First, any communication technology shapes the message it conveys. As the media theorist Marshall McLuhan said, “the medium is the message.” A sermon heard on a podcast has the same intellectual content as one heard in person, but there is a a wide chasm between the two situations. When you listen to a sermon while attending a church, you see the preacher and can respond to the message vocally or through body language. You may greet the preacher after the service. The podcast allows for none of this. While it extends the reach of the information of the message, it subtracts much of the personal dimension. The Apostle John wrote of the Incarnation, the Word became flesh (John 1:14) and of how Christ’s followers should gather in the flesh. He writes:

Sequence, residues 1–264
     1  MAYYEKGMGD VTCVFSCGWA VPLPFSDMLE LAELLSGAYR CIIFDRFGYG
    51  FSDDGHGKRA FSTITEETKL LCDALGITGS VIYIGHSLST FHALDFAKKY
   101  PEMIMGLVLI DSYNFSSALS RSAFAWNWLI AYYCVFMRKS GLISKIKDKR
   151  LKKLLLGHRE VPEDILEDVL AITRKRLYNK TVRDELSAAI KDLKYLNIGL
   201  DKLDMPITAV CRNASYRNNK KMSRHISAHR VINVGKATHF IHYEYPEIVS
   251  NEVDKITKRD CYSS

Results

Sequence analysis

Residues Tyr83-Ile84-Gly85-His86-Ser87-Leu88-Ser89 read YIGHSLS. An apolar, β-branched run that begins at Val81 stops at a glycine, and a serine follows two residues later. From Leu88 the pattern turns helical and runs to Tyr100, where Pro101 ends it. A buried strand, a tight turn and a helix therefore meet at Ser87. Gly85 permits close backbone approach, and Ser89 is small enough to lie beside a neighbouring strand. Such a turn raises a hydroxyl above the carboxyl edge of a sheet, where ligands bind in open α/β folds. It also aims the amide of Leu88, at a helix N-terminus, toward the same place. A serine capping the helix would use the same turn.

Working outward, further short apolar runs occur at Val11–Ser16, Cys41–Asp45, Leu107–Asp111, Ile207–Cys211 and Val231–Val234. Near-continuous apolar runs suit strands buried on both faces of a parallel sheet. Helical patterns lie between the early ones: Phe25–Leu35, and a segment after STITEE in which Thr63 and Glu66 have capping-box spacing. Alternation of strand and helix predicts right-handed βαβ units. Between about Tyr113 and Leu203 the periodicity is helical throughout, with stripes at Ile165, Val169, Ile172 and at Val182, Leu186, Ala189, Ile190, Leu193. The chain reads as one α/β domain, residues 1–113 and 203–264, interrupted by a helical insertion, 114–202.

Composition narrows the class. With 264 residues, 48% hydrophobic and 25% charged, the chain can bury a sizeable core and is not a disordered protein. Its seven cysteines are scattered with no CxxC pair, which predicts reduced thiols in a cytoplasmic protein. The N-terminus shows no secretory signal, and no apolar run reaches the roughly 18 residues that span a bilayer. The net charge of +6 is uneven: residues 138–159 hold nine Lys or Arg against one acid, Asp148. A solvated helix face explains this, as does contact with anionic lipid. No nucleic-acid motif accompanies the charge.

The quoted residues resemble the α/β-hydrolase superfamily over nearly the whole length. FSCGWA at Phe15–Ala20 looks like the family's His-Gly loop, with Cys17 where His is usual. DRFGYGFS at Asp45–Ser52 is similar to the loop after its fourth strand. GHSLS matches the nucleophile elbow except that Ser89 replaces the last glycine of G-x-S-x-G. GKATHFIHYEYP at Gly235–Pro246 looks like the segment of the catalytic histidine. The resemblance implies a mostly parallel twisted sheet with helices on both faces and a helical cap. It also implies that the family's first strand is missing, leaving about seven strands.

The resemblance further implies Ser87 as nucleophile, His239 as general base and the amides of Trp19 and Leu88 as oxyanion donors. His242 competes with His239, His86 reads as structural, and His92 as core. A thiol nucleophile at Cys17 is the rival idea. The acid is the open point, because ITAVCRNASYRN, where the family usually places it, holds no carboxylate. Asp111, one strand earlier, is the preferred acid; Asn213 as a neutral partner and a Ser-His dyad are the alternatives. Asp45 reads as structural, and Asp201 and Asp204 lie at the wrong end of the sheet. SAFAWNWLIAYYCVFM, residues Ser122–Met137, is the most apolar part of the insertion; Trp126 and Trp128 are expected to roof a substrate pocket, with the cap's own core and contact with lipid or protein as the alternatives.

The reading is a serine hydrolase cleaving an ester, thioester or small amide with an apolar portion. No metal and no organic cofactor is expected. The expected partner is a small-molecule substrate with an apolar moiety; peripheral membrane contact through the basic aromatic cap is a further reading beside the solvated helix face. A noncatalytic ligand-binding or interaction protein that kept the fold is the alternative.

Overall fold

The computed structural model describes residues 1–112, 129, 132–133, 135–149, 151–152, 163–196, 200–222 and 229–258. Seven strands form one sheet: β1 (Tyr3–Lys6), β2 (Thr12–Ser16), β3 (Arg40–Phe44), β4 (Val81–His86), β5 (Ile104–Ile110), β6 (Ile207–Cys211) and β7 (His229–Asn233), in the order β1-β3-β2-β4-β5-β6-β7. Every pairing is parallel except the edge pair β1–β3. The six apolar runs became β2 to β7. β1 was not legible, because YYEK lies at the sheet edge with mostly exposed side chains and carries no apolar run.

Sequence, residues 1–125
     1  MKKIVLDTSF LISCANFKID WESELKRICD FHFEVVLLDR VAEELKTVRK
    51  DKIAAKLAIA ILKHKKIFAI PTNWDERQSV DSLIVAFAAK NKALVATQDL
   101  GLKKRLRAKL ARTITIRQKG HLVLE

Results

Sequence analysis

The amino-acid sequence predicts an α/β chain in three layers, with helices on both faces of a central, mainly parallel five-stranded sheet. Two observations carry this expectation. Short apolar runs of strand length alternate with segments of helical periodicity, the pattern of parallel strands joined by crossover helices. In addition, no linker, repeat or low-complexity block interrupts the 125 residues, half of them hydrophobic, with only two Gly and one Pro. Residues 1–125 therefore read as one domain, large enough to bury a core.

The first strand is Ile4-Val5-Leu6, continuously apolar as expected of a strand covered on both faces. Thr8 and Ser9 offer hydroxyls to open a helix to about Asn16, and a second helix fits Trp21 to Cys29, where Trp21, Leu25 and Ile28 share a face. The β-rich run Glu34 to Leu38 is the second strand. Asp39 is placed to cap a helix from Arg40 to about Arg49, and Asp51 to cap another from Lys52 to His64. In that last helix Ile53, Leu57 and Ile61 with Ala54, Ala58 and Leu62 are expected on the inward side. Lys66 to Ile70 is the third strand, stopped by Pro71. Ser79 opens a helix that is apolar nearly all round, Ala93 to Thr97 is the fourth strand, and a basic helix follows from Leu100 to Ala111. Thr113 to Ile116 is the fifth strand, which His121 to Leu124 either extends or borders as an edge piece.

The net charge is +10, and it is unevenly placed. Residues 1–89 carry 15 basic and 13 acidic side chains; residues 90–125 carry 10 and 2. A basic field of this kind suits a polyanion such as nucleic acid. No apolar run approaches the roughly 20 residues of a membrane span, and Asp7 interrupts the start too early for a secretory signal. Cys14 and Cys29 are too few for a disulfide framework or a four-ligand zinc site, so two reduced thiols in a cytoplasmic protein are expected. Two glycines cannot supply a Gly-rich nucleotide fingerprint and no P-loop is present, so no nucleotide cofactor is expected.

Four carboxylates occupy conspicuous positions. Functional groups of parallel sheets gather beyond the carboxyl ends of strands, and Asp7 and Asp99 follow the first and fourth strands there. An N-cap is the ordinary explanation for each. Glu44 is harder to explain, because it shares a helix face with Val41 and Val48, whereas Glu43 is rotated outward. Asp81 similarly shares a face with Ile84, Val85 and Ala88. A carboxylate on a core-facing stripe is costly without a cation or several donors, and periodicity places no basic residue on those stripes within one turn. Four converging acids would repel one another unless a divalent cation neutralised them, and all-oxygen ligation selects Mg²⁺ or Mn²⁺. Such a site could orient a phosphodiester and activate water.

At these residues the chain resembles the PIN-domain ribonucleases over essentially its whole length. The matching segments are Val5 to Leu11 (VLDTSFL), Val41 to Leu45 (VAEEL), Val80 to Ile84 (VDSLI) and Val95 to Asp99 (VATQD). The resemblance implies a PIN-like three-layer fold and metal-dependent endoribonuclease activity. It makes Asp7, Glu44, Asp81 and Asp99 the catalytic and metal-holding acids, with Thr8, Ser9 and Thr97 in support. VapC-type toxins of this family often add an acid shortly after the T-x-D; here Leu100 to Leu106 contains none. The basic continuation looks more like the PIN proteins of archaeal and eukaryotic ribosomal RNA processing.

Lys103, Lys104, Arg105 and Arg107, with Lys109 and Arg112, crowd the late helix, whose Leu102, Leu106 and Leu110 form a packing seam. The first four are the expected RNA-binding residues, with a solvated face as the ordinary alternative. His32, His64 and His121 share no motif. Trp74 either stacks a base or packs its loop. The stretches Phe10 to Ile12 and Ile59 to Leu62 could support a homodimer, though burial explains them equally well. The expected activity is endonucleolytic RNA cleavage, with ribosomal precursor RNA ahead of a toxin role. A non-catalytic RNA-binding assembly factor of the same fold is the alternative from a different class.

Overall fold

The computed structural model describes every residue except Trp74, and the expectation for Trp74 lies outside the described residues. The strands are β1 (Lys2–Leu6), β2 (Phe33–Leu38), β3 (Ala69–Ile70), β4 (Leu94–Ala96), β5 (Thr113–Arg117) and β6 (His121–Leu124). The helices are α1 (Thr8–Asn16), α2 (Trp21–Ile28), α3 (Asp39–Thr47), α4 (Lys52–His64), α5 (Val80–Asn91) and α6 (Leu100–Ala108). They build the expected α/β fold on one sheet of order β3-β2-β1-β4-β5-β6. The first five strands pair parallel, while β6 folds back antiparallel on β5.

I have much to write to you, but I do not want to use paper and ink. Instead, I hope to visit you and talk with you face to face, so that our joy may be complete (2 John 1:12; see also Romans 1:10-11).

Face-to-face fellowship cannot be exchanged for anything of comparable value. The church is the Body of Christ stretched out over time and into eternity, but it must assemble in person, in a place carved out for worship, learning, confession, prayer, and celebration. Hebrews tells us that we should not forsake gathering together to encourage each other in the faith (Hebrews 10:25).

In light of this, the leadership in the church should encourage attendance at services and events by articulating a theology of personal presence—the presence of God and being in the presence of other Christians. Some churches may decide not to put their messages online for this reason. However, since some people cannot be present physically at the service, this alternative may make sense.